Spain's govt. to oversee football federation until elections

The Spanish government on Thursday announced the creation of a special committee to oversee the country's football federation (RFEF) until the governing body holds new elections.

The decision was taken "in response to the crisis in the organisation and in defence of the general interest of Spain," the National Sports Council (CSD), the government agency responsible for sport, said in a statement.

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The move follows months of scandals which began with an unsolicited kiss from former RFEF chief Luis Rubiales on player Jenni Hermoso at the on-pitch awards ceremony for Spain's women's World Cup success in Sydney.

"The Spanish government has taken this decision in order to correct the serious situation that the RFEF is going through and to allow the organisation to begin a period of regeneration," the CSD said.

"This Commission for Supervision, Normalisation and Representation will be headed by independent persons of recognised prestige."

Spain is trying to move on from the issues within the RFEF as it gears up to co-host the 2030 World Cup.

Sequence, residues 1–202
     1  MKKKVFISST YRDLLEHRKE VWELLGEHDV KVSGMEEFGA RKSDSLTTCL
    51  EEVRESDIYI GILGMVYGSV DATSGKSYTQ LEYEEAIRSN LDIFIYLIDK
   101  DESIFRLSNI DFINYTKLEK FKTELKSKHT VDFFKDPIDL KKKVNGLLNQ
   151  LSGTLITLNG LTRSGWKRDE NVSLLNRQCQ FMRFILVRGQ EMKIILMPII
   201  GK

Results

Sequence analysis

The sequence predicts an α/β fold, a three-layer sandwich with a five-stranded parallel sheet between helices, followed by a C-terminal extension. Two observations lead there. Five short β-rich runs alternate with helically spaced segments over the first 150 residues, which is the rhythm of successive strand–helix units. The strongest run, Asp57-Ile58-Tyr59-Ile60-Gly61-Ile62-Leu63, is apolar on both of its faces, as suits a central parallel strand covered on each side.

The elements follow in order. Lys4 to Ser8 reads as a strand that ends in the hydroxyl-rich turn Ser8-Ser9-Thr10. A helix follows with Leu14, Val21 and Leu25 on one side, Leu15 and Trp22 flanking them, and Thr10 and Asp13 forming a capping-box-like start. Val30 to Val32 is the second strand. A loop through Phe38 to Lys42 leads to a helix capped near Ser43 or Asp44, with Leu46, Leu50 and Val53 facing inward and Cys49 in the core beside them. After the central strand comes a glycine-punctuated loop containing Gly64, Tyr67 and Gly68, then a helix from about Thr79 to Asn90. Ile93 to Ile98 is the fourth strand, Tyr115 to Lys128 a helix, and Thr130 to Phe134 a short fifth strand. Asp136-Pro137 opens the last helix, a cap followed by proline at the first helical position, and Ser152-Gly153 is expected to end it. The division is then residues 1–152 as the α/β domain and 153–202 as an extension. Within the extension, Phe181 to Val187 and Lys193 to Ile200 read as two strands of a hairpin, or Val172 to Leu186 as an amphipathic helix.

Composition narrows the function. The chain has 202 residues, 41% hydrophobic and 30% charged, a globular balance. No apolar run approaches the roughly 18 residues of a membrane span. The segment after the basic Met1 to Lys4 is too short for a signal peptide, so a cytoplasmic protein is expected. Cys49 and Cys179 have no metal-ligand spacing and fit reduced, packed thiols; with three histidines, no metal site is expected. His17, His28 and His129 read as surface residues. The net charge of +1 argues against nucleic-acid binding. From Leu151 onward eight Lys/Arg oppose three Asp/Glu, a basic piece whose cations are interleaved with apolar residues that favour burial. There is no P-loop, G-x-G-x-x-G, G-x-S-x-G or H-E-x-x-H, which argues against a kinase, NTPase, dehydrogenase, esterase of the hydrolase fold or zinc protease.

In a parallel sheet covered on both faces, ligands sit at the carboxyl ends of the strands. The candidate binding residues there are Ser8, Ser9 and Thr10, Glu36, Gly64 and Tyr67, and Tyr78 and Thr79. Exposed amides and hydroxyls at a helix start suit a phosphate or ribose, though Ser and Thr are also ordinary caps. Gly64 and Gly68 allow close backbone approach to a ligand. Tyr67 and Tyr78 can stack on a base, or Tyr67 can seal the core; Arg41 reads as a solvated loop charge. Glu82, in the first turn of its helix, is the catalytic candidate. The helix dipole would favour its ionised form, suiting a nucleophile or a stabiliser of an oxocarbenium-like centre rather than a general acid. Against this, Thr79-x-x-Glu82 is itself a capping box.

FIFA and UEFA say they are closely monitoring the situation with great concern. FIFA regulations state that members shall manage their affairs independently and without influence from third parties.

"FIFA and UEFA will seek additional information to assess the extent to which the CSD's appointment of the so-called 'Supervision, Normalisation and Representation Commission' may affect the RFEF's obligation to manage its affairs independently and without undue government interference," they said in a joint statement.

Investigations over a multi-million euro corruption probe during Rubiales' tenure led to other RFEF executives being fired after police raided the organisation's headquarters in Madrid last month.

Rocha, who was acting as RFEF stand-in president and hoped to be anointed permanently, was placed under investigation by a judge this month after testifying as a witness in court. He was the sole candidate to succeed Rubiales.

Rocha said on April 16 he had "no knowledge nor, therefore, any responsibility for the facts that are being investigated."

An apartment belonging to Rubiales was also raided as part of an investigation into the alleged corruption.

Rubiales was banned on Oct. 30 by world soccer's governing body FIFA for three years from all football-related activities following the kiss, which was done allegedly without consent.

The CSD also postponed until Tuesday a decision on whether to take action in relation to disciplinary proceedings opened against Rocha on which the Administrative Court of Sport (TAD)will rule in the coming weeks.

The RFEF said in a statement this month that the TAD case was not related to the corruption probe but rather whether the federation overstepped its duties after Rubiales resigned.

Rocha's office said in a statement this month that the irregularities in TAD's case would be challenged.